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Avoid 5 Common Mistakes Designing Electronic Security Systems (ESS)


Designing electronic security systems for your business or organization is a serious undertaking. The typical goal is to provide safety and security to individuals and assets. There are risks involved with health and safety, and there is money involved in the form of real property and physical assets. There are also compliance requirements for some organizations that require a well-planned, audit friendly physical security strategy.

When designing an effective electronic security system, organizations can save headaches, time and money by avoiding common missteps in system design. It’s possible that you’ll want to engage a system design professional such as a security system integrator or consultant that has deep experience and access to the latest technology. Ideally, facility and IT managers should work closely with their partners with a mindset beyond design, considering how they will administer and maintain their systems on an ongoing basis. Companies and organizations undergo constant change and so do security technologies. A collaborative effort will reduce mistakes and provide the best security solution.

The 5 most common mistakes in designing electronic security systems (ESS)

  1. Poorly defined project scope / unidentified user expectations: It’s important to start with the end goal in mind. Expectations of what you want to achieve, scope, and budget are all inextricably tied. Is the goal to protect property or bodily safety or both? It’s essential to have a clearly defined scope and goals that can inform the type of system and elements that work together to achieve the goals. Knowing the scope will also inform the budget and ensure the best system is designed for the organization’s needs now and in the future. A system design professional can walk your team through the questions and the thought process.
  1. Insufficient information about the job site: Job site information includes items such as a detailed floor plan of the space, the power grid or electrical access, as well as the schedules and habits of people who regularly interact with the space. Obtaining complete knowledge about the site is crucial because it ensures that you’re covering all of your bases when accounting for an electronic security system; that includes access points, points of vulnerability, and so on. This information will influence needs for video surveillance systems, electronic access control systems, intrusion alarm systems, etc.  One of the reasons that information is often insufficient is that site survey information is captured manually by scribbling on outdated CAD drawings and paper floor plans, by using cell phones to take photos, and capturing requirements on a notepad. Back at the office, it’s hard to tell whether you’re looking at the front conference room or the back conference room and which camera needed what resolution. As a result, information is insufficient to build an accurate security plan and access to records to reference for ongoing administration. Look at apps and providers that capture information all in one place and electronically that allows for collaboration, secure record keeping and modifications to the plan. View a concept video outlining the problem.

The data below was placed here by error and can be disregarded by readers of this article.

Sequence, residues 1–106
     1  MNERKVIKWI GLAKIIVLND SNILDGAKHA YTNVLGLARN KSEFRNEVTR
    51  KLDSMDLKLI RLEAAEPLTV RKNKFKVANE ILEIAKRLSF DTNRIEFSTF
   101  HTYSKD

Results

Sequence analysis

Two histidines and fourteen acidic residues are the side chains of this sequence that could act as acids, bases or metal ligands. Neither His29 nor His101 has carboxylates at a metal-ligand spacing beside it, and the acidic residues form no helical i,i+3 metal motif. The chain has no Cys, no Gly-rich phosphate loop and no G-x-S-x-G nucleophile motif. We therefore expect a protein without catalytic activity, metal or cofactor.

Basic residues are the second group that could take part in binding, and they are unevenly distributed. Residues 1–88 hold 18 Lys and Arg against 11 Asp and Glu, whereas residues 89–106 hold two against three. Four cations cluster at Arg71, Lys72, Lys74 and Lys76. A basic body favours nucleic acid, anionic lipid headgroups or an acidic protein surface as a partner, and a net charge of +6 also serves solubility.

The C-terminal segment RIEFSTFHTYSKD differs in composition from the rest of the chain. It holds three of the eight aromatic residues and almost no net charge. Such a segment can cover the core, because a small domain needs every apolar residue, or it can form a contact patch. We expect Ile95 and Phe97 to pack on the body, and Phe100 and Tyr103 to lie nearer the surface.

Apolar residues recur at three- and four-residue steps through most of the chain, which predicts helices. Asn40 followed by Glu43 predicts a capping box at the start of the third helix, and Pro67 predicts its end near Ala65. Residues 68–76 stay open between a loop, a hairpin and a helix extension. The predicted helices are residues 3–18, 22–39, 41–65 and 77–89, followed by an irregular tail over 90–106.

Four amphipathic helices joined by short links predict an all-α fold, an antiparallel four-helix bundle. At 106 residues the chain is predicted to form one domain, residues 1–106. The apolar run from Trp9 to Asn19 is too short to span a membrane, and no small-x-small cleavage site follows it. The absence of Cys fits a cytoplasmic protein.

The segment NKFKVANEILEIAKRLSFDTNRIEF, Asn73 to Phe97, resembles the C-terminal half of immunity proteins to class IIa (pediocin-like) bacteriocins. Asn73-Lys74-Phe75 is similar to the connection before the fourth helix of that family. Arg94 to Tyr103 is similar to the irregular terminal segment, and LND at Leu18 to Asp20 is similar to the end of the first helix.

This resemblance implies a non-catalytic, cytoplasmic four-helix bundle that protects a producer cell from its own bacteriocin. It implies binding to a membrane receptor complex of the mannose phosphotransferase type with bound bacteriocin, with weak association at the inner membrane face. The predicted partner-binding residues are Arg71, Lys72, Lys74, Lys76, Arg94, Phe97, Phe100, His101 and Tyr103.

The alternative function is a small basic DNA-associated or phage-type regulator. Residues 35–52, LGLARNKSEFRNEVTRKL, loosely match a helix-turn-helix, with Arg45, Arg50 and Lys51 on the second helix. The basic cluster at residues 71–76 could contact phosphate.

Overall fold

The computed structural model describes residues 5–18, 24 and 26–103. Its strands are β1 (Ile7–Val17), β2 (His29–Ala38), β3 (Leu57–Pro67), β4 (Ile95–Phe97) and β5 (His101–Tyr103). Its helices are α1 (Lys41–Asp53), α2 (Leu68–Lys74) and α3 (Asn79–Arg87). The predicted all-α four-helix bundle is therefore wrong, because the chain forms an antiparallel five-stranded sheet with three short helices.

1. Compatibility / capabilities of existing system infrastructure: Many times organizations need to upgrade security systems because they are either outdated or insufficient based on current operations. When it is time to upgrade or modify a security system, knowing the details of the current system infrastructure is important because the new system will either have to replace or coexist with the current system. This may or may not involve arranging system components in a specific way or sourcing particular components so that they all work in harmony. Public sector, schools or government organizations that are funded through local, state or federal budgets require comprehensive records to justify upgrading key components. When information and records are not accessible and current, the job becomes more difficult for facility and IT managers.
  1. Covered dishprojects: A covered dish project is like a covered dish supper— it’s a system where everyone brings something different to the table, and not one person is responsible for the entire meal, or system in this case. Having a security system potluck can present problems, because when an owner or facility manager, a system integrator and an equipment supplier all provide different parts of the system, no one is responsible for the entire system. This should be considered when developing a strategy and partnerships and identifying who will take overall ownership.
  1. Lack of technical expertise: Security is not a light matter. Organizations with physical sites are responsible for protecting safety, lives, and investments in assets, property, and equipment. Designing effective security systems is a complex and technical business requiring the organization to be two steps ahead of malicious intent. Security system solution providers have access to thousands of cameras, software, access systems and the latest technology to design a strong, effective security system. Identify your internal and external technical needs before jumping into designing a system.

Keep these common mistakes in mind when designing and planning for a new or updated electronic security system. Moreover, use technology to capture this critical asset information and look beyond the design stage, a physical security system is only as good as it is maintained and managed.

System Surveyor for iPad is one of the latest tools at the disposal of facility, IT managers and system integrators to simplify the design, installation and maintenance of complex electronic security systems. Download the app or learn more.